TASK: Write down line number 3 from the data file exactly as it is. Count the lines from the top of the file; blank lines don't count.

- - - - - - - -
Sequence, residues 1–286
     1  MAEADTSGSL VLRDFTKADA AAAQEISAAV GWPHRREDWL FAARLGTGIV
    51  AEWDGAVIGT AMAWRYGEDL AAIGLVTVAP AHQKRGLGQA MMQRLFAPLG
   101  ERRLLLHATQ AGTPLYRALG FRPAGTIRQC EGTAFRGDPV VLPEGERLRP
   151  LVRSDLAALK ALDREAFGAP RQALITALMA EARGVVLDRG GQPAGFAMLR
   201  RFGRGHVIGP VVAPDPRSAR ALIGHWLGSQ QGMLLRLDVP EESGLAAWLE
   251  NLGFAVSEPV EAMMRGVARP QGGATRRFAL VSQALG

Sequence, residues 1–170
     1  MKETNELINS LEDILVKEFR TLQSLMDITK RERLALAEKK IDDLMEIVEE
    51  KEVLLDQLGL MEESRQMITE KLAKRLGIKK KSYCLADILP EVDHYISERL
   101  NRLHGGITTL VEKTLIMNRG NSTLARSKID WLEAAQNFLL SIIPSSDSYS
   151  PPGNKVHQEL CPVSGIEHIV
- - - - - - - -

    51  AEWDGAVIGT AMAWRYGEDL AAIGLVTVAP AHQKRGLGQA MMQRLFAPLG